Allen Toussaint: The Lost Interview - Rolling Stone
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Allen Toussaint: The Lost Interview

“I saw the human drama in full force,” songwriter said in a previously unpublished interview just days after Hurricane Katrina devastated New Orleans

Allen Toussaint

Allen Toussaint opened up about his experience during Hurricane Katrina in a previously unpublished interview that took place just days after the storm struck New Orleans.

Chad Batka/The NY Times/Redux

Iconic songwriter Allen Toussaint passed away today at age 77. A New Orleans native, and a mainstay of the city’s musical life for well over 50 years, Toussaint wrote, arranged and produced for Big Easy legends such as the Meters, Dr. John and Lee Dorsey. Rolling Stone reached Toussaint in the days immediately following Hurricane Katrina’s 2005 devastation of the city. In this previously unpublished interview with Contributing Editor Steve Knopper, Toussaint reflects on the resilience of New Orleans culture and the depth of his connection to the city he loved.

How are you doing?
I’m very well. Thank you very much. I normally would stay right through hurricanes — I’ve been through all of them since I was born. This one, of course, was the biggie — this was the zenith of hurricanes. I stayed in my home until it was just about recommended that anyone should leave that area, so I went and checked into Astor Hotel on Canal Street. Then the storm really, really hit and water was everywhere. Canal Street was flooded — I wouldn’t say it was up to roofs on Canal Street, but it was at least too high to drive a conventional vehicle through. We were stuck in a hotel and then the power went out, of course; then the water lines were corrupted and corroded. The water was not totally safe — they recommended that water was boiled before you consumed it. I used bottled water after that. I was in a hotel where the people did very well on limited resources; they ran a generator.

I must say I saw the human drama in full force. I saw the balancing act of heroes and mulligans — but I saw more heroes than I saw “other than.” In spite of all that it was, and is, I’m glad that I was there through it because I’m a diehard Orleanian for one thing. If it happened in New Orleans — whether it’s good bad or indifferent — I’m glad I was there. As much water as they had, my spirit did not get consumed. I’m looking forward to the future of rebuilding New Orleans. I never was worried about my life, no. I always knew exactly where I was and the conditions — it was always livable to me …. As ironically as it may sound, I was still glad to be there.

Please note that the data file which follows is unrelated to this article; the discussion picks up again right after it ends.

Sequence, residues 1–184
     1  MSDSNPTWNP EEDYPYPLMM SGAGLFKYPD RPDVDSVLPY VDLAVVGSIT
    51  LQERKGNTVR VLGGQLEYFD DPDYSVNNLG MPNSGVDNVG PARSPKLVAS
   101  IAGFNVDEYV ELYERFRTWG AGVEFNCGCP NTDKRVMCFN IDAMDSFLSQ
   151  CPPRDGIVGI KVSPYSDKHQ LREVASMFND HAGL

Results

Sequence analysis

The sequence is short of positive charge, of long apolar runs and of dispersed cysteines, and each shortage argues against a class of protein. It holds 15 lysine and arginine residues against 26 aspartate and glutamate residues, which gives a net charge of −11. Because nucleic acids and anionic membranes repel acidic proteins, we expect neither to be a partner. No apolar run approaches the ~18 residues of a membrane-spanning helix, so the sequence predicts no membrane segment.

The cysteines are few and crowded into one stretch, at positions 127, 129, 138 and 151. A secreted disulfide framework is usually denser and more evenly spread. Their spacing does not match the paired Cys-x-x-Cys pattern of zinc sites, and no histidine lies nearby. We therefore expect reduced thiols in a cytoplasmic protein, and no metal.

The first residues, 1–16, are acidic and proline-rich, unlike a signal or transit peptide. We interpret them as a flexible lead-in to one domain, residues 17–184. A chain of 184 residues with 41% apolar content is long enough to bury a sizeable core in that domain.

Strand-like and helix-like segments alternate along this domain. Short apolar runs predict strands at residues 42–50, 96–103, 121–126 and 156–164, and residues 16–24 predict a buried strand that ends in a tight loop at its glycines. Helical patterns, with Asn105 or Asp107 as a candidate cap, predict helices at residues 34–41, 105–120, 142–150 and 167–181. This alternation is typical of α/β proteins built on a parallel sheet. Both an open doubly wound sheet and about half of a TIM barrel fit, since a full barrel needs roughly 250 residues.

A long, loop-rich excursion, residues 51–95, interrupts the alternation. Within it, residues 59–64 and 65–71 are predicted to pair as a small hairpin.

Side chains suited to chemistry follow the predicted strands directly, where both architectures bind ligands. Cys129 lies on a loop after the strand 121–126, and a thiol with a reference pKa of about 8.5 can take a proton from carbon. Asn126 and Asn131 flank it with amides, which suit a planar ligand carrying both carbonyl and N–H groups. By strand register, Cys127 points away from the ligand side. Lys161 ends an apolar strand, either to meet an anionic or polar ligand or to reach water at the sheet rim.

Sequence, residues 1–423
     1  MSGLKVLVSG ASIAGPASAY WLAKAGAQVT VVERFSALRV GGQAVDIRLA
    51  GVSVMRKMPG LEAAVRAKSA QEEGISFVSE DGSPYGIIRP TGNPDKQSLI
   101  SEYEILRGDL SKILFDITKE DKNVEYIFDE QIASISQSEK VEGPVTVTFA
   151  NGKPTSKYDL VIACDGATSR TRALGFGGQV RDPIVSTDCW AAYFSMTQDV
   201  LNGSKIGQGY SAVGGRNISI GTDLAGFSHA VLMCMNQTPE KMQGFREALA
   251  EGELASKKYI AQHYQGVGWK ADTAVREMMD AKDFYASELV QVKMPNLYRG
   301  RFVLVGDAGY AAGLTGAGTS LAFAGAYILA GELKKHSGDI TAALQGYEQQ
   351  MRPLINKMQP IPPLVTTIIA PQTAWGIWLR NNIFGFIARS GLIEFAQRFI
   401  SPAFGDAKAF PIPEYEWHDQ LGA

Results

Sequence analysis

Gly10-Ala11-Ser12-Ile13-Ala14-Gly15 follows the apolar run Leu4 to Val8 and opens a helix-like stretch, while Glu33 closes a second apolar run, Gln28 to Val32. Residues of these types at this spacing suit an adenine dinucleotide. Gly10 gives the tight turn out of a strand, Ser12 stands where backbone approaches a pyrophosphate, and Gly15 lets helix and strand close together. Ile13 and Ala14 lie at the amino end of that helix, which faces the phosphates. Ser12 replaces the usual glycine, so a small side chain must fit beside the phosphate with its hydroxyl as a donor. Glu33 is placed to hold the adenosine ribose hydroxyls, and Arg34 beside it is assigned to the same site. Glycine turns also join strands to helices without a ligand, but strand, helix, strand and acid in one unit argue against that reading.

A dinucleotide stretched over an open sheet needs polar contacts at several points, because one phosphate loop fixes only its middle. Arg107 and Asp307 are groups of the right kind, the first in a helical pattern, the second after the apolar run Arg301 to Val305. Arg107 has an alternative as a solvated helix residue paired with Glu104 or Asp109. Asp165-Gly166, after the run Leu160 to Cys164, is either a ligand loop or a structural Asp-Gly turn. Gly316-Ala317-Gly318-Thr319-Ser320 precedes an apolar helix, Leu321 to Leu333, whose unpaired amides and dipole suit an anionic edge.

When and how did you leave?
It was the day before — when they were announcing that the city should be evacuated. My way of evacuating the city was just evacuating my house and going down to a hotel. The area that I live in … They showed aerial shots, could only see rooftops. I did the right thing by going to the hotel when I did. My house, two floors — maybe something [can be] salvaged on [the] second level. My piano and all my equipment — that’s all probably gone. But it has served me well for a long time so I really don’t mind the process of rebuilding. 

Did you lose sentimental items?
Oh, yes, definitely — and about many, many other things. We all have those sentimental things — some things we have for 10 years and suddenly. Fine Steinway — but there are other Steinways and I’m looking forward to new things and exciting times, purchasing new things and seeing things that I didn’t have.

I left the city yesterday. I finally was able to get a chartered bus from New Orleans to Baton Rouge, and from Baton Rouge, 6:50 this morning, I was able to get a flight to Houston, Texas, and immediate connection onto Joshua, New York. [I’ll] be finding momentary residence for a brief spell. I’m looking forward to being here because I love New York.

Tell me about the Steinway you mentioned you lost.
Owned that Steinway since the Seventies — it’s been a dear friend and confidante, you might say.

How were people dealing with each other during the crisis?
I guess everyone saw a lot of looting on TV and things of that nature, people really yelling at each other and stealing various things. There was some of that. But there was more — beautiful things happened, with people interacting with each other, really communicating in ways that they didn’t know that they could. People could do many things with others — a guy looked like he was maybe someone to be afraid of, maybe helping [an] old lady get some water. That was just delightful — I saw lots of things like that going on.

Where exactly did you live?
I lived near Bayou St. John, lived near the Fairgrounds where the Jazz Festival takes place. From my bedroom balcony over my background, I could hear everyone tuning up during Jazz Fest. When I left my house, it all hadn’t started; [it] started to rain a little. Soon thereafter, it was right underwater in the area. House had four to seven feet of water. I saw aerial views of the area. Sometimes you could see rooftops and two to three feet.

Did you live alone or with other people?
Alone. Oh, definitely — my daughter Alison and her family went to Houston at the first sign. My son Reggie, who’s the engineer and the percussionist, and his family, went to Texas as well. They’re not as diehard as I am. But then they have more people to move about.

I heard your daughter tried to get you to leave much sooner than you did — accurate?
Accurate. Every time! She always tries to get me out early, but it won’t happen. It was a New Orleans event and I was there and I’m glad to say I was there to see it, whether good or bad. Again, I say the human drama was overwhelming.


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